What if you could get the cheat code to successful entrepreneurship? Would you play to win? Or would you enjoy the journey and explore the side quests?
In this edition of Venture unscripted., podcast host Josh Barker sits down with world-renowned gamification expert, developer, and author Yu-kai Chou for insights on how to gamify entrepreneurship, what his journey has looked like over the years, and what advice he has for other entrepreneurs looking for their big break.
Listen to the podcast video below or keep scrolling to read the podcast recap.
The Origin Story
Yu-kai Chou’s story starts with video games, but that shouldn’t come as a surprise. In 2003, Yu-kai was a big gamer. He also moved around a lot, Yu-kai’s father is a diplomat which meant he had a worldwide childhood. He grew up in South Africa, Taiwan, Kansas, and then California.
“I was in this transitional period between quitting a game and starting a new game, and I just felt extremely empty,” Yu-kai explained.
He battled with the dilemma of having spent thousands of hours getting his in-game characters strong, leveled up, and with the best gear. But when it was over, that part of his life disappeared.
“I felt like I was the same loser in front of the computer after all those thousands of hours,” he continued. “So then I just started thinking about what kind of game everyone is playing that you can’t just quit?”
He started to brainstorm whether there was a game where the more hours you spend at it, the better your real life gets. This led Yu-kai down the path of thinking about what kind of game life itself would be and how to play it.
“I started treating my life like a game and started leveling up everything I do.”
Yu-kai’s ability to start leveling up his life led him to gamification. It showed him how successful he could be doing almost anything, and then spurred the idea that other people could be doing the same thing — whether it’s for school or for work.
“For example, most employees just work hard enough to get a paycheck and not get fired, right?” Yu-kai explained. “Then they stop. But when you see it as a game, you’re not going to do the bare minimum. You’re going to try and be the best possible.”
Yu-kai unlocked a new level to the “game of life” — people want to thrive, strive, and flourish. They even want to think about how to strategize a process to become a stronger or better version of themselves. Turning it into a game is the secret.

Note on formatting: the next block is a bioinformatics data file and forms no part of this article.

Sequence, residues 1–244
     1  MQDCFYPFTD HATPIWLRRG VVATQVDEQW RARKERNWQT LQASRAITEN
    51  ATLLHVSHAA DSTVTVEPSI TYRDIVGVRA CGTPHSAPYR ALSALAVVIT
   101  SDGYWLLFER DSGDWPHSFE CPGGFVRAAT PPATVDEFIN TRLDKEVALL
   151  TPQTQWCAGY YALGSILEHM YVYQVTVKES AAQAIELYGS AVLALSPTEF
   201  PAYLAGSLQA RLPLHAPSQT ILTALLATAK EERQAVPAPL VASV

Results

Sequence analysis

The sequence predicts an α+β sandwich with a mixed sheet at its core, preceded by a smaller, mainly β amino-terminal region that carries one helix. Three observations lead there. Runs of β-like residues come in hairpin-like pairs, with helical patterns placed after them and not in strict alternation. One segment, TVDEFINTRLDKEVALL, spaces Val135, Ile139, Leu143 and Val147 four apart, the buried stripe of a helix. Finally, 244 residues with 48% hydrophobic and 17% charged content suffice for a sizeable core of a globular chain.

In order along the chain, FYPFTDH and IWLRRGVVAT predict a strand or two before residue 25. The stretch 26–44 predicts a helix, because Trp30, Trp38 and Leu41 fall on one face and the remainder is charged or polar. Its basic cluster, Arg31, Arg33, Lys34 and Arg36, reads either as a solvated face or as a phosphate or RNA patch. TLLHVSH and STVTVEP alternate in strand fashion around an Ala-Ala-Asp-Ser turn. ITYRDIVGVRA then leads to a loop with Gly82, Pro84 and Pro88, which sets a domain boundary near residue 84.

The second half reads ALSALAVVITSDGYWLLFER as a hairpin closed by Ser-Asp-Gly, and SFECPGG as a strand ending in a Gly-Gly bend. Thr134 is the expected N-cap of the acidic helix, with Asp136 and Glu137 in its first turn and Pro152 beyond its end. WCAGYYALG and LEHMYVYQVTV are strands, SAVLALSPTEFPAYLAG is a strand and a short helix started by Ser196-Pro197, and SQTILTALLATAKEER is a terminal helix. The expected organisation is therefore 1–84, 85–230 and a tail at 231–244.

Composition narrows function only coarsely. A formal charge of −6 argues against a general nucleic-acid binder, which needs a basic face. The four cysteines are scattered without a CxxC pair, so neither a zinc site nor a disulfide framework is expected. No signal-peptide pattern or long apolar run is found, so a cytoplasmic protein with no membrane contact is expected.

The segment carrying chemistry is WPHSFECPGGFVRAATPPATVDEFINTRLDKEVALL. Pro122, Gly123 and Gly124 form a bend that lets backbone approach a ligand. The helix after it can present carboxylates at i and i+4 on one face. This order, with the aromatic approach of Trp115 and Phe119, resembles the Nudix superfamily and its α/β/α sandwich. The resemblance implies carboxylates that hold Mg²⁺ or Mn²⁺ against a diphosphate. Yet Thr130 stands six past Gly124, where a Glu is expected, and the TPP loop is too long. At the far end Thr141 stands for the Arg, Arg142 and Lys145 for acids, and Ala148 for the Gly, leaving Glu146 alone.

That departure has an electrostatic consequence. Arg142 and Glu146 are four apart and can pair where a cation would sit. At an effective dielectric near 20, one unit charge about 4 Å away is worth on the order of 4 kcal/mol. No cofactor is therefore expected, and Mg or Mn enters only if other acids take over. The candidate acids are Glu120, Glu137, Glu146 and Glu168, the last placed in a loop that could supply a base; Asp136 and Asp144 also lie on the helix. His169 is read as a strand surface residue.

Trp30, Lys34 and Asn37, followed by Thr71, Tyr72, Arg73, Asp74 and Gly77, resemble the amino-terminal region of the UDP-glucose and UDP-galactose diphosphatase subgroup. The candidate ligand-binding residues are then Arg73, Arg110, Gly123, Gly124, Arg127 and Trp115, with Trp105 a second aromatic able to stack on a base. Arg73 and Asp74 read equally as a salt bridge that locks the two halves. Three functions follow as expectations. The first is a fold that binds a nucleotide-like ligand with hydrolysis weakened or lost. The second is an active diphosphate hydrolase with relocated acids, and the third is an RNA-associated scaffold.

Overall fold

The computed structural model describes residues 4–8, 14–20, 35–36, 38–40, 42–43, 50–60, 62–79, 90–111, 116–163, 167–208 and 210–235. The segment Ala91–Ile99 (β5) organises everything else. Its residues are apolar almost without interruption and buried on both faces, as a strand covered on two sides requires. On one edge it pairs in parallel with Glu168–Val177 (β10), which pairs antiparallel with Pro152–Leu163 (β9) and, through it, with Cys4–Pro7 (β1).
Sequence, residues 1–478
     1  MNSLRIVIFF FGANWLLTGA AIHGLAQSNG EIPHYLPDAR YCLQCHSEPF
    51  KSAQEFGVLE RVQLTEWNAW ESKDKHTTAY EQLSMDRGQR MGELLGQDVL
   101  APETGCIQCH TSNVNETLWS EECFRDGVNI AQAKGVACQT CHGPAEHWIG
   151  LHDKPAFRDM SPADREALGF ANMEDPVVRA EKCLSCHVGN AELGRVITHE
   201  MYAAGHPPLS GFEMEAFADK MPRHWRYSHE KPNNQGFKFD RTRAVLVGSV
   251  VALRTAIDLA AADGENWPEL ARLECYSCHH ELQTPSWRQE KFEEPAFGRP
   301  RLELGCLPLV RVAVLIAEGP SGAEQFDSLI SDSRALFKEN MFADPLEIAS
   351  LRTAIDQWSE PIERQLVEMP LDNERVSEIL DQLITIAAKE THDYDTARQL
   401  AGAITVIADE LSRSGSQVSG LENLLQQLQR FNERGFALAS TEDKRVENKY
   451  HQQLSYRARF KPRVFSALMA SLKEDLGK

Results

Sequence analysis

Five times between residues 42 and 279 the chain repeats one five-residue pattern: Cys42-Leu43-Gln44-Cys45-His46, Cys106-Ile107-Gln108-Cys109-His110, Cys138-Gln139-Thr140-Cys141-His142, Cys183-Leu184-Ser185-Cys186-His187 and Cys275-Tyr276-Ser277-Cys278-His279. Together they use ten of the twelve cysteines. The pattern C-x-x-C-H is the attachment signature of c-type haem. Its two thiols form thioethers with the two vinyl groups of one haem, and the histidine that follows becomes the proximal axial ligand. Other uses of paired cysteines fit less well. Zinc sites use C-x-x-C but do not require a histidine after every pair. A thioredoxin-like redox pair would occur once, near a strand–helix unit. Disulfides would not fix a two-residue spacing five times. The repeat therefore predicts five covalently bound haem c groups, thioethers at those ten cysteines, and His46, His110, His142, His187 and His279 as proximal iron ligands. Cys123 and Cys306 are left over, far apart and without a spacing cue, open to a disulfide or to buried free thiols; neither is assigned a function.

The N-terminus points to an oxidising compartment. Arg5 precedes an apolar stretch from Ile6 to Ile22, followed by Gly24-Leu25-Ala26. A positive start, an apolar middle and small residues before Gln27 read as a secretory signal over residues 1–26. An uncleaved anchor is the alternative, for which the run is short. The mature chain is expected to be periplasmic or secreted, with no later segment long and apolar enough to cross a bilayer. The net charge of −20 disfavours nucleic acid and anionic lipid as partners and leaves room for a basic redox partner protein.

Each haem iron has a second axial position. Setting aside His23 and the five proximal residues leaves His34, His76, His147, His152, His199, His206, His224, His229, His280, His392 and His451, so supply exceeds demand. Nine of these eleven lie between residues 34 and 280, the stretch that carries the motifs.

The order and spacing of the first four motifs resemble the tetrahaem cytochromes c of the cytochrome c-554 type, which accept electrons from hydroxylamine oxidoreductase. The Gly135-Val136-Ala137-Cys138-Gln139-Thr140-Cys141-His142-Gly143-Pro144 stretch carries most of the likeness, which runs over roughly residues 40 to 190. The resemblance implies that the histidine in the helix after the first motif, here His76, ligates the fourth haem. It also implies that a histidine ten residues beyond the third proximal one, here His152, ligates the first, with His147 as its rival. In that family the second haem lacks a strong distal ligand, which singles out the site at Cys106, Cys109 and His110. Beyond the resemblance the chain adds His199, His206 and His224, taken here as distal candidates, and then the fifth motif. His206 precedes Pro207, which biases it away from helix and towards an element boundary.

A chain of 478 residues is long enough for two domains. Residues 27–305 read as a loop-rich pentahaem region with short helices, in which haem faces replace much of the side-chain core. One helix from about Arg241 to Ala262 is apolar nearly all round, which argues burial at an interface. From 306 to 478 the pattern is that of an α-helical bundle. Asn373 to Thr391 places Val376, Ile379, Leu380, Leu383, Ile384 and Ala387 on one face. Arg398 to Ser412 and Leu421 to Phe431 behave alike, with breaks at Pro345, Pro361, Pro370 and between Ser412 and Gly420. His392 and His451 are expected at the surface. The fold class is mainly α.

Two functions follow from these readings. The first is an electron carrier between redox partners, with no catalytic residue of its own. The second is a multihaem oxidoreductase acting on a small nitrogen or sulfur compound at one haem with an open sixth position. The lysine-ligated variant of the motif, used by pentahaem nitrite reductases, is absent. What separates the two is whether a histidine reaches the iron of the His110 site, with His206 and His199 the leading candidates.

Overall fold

There are two kinds of gamification. The first is seeing the world in you through a gaming lens. The second is designing little games to get certain things done. Once Yu-kai figured that out, he was able to create a framework that better explains not only how to gamify, but how to address motivation, reward systems, and more.
It’s called the Octalysis Framework. It combines psychology, behavior science, and gamification to help design engaging experiences.
The Octalysis Framework consists of eight core drives. Among these are different types of motivation. Extrinsic motivation are the things you do for a reward, a purpose, or a goal, but you don’t necessarily enjoy the activity itself. Once you’ve got the reward or hit your goal, the activity becomes stale. Intrinsic motivation is the things you just enjoy doing to the point where you’re even willing to spend money to experience it. Even if you lost all your progress the next day — you’d still pick the activity back up.
“There is a sense of progression with extrinsic motivation,” Yu-kai explained. “When I saw my life as a game, I started seeing more progress and everything was intrinsically more enjoyable.”
After nearly a decade of this work and publishing a book on it, Yu-kai found himself in another period of transition. A lot of his life was changing, but was still intellectually curious. On top of that, the industry was growing, giving him a chance to expand his lonely passion into something else.
Longevity to Gamification
However, misconceptions, especially from the academia, enterprise, and software marketing world, were increasing. And while some in the industry were game designers, it was clear that many people had never been immersed in the world of gaming before gamification really boomed in popularity.
Many assumed that gamification was just adding points or badges in order to make something “a game,” but that’s not what makes games fun.
“When I’m playing this game until five in the morning and I still don’t want to go to bed, it’s not because I’m looking at these points and these badges,” Yu-kai explained. “It’s because of the strategy or the milestones unlocked, the teamwork. So I decided to write more about it and look into why some games are super addictive for a few months before everyone burns out.”
There are games that people can play for decades, like chess, but Yu-kai was starting to see patterns that continued to shape his framework. And then the Octalysis Framework took off.